Parker stepped down from his role in 2014 to focus on other projects. During his tenure at the company, he made a $15 million investment in Spotify because of a personal desire to see Napster’s music-sharing heritage continue.
One of these projects was Causes, a for-profit civic technology app and website that Parker founded in 2007 with social entrepreneur Joe Green. The Causes website enables users to organize public awareness and grassroots campaigns around causes they are passionate about.
They can also respond and comment on popular topics, new legislation, and breaking news, or contact their local representatives about an issue. When the Facebook app was first launched in 2007, it relied on word-of-mouth marketing at scale to grow to 186 million users by 2013.
As a mutual investor in both companies, Parker was instrumental in the Causes acquisition of advocacy start-up Votizen. The deal was based on a belief that together, both companies could reach nearly every voter in America.
Parker also noted at a Techonomy conference that he was interested in “trying to leverage social capital to effect some kind of social change, whether it’s in electoral politics, or activism, or advocacy, or raising money.”
During his tenure at Founders Fund, Parker made a $15 million investment in Spotify because of a personal desire to see Napster’s music-sharing heritage continue.
He was first introduced to Spotify by a friend in 2009 and was thus prompted to send an email to company founder Daniel Ek. The contents of one particular email surfaced several years later where Parker more or less pitched his interest.
The email, which totaled thousands of words and also discussed Parker’s Napster experience, opened with this introduction: “I’ve been playing around with Spotify. You’ve built an amazing experience. As you saw, Zuck really likes it too. I’ve been trying to get him to understand your model for a while now but I think he just needed to see it for himself.”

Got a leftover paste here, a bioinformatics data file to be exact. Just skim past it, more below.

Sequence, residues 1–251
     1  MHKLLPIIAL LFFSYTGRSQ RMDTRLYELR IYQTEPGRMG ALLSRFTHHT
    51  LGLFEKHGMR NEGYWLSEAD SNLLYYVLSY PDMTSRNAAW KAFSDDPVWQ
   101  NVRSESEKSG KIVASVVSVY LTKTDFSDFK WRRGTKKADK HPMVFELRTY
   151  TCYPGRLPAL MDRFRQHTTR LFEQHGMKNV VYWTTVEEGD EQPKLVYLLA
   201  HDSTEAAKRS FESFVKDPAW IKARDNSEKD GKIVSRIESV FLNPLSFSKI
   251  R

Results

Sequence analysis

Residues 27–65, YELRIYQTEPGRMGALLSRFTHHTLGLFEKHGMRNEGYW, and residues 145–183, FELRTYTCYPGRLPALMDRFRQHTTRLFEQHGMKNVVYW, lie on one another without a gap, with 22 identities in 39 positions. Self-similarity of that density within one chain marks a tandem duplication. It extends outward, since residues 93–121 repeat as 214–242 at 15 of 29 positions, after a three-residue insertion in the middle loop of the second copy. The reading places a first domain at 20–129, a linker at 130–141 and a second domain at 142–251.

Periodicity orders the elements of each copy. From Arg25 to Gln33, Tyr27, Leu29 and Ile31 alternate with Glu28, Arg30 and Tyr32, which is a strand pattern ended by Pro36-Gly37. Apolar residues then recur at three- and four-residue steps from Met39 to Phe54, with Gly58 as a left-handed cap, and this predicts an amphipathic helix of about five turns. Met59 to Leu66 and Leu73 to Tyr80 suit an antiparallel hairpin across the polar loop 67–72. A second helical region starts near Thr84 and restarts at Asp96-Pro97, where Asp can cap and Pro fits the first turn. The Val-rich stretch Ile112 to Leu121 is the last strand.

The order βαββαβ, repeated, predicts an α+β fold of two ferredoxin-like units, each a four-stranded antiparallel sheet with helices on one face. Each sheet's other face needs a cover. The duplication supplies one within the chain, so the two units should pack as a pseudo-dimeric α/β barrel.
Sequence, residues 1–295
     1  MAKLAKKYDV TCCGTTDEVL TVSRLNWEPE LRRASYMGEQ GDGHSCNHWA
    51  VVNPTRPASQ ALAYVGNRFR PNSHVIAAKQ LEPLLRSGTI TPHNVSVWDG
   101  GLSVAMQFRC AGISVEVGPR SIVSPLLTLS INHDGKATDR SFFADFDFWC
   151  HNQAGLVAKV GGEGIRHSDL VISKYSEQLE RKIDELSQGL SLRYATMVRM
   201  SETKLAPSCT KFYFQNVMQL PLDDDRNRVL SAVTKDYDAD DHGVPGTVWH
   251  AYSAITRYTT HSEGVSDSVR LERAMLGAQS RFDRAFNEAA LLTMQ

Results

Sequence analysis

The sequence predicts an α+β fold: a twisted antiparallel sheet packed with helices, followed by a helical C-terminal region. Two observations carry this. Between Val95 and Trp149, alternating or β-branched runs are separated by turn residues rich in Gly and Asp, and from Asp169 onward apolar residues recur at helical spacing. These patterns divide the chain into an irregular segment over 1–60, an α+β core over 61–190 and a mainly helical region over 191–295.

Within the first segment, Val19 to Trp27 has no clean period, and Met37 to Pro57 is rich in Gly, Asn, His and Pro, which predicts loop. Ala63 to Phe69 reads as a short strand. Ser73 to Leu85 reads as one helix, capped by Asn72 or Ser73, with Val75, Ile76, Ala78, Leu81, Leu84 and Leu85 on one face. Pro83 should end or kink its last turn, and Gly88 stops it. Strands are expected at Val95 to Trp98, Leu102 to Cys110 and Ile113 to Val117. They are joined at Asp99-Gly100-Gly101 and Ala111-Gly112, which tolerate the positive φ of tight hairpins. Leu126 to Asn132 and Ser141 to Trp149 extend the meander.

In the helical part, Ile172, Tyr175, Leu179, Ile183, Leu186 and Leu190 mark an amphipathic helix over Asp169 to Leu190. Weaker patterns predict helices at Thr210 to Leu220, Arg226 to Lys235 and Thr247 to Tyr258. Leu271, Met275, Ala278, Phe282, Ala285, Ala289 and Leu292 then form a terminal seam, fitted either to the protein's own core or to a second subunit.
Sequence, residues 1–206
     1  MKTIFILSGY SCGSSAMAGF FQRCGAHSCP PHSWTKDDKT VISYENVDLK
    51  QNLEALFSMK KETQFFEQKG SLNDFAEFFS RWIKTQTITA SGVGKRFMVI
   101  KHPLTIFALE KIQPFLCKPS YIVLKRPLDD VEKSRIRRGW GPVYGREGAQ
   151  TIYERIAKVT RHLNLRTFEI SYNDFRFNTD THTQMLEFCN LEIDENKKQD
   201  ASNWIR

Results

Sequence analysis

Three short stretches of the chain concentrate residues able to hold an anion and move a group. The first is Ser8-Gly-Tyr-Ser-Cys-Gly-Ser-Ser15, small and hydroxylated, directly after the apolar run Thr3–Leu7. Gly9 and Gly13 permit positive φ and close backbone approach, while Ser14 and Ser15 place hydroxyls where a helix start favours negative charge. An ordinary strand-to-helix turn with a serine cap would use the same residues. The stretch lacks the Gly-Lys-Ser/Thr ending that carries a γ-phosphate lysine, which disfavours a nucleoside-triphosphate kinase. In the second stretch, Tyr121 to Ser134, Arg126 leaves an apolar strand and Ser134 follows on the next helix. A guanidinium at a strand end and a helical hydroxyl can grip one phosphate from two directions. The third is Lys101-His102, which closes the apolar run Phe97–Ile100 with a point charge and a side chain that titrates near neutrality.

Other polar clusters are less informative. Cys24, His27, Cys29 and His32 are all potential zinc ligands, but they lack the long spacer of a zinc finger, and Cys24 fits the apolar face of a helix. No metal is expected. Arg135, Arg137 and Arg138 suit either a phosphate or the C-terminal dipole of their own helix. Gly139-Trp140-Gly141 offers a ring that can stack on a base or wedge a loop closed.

Parker’s initial investment in 2010 was followed by seven years on the company’s board. During that time, he introduced Ek to American investors and reportedly negotiated with Universal and Time Warner on Spotify’s behalf.
His time at Spotify was clearly productive, but it was also personally meaningful. At the Web 2.0 Summit in 2011, Parker described the platform as an “attempt to finish” what he started at Napster and realize his dream of a “frictionless-free, tiered service that enables music sharing.”
Parker and Fanning launched Airtime in 2012, a group video, audio, and text chat platform.
The web launch was announced in a press conference accompanied by celebrities such as Martha Stewart and Snoop Dogg. However, the service did not gain significant traction.
Airtime was relaunched in 2016 as a mobile-first app where users can play party games or share files, links, and their screens with friends.
In April 2014, Parker announced his formal support of an initiative called Brigade, a civic technology platform where users of a similar political persuasion could connect, share opinions, and organize petitions.
Parker contributed to an initial $9.3 million in funding to Brigade and served as its Executive Chairman, holding a firm belief that politics was the next industry to be disrupted by the web.
Also participating in the seed round were venture capitalist Ron Conway and Salesforce founder Marc Benioff.
In 2014, Brigade took a majority position in the holding company that owned Causes and Votizen. Parker was once again instrumental in the deal, which was primarily motivated by declining interest in the Causes platform after Facebook went mobile.
With Parker’s various interests and connections in all three companies, he stepped down as interim Brigade CEO but remained its chairman. The venture was successful for a time, with over 250,000 people using the platform’s ballot guide in the 2016 election.
However, by 2019, the company’s top personnel were not satisfied that Brigade had scaled to its full potential – especially after two full election cycles. The company was shut down later that year and while Parker’s team did not disclose the details, it is likely that he and several other early investors in the various companies were adequately compensated.
As part of the shutdown, Pinterest acqui-hired Brigade’s employees while its assets were sold to Countable, a GovTech SaaS provider that helps government and enterprise manage their communities with engagement tools.
The Parker Foundation was established in June 2015, with Parker making a $600 million donation to the philanthropic organization that focuses on art, civic engagement, public health, and life sciences.
He donated a further $250 million to the Parker Institute for Cancer Immunotherapy in April 2016, with the funds disbursed to over 300 scientists across 40 laboratories.
The institute has recently found a link between skin cancer and microbial diversity in the gut and has conducted immunotherapy clinical trials for melanoma patients.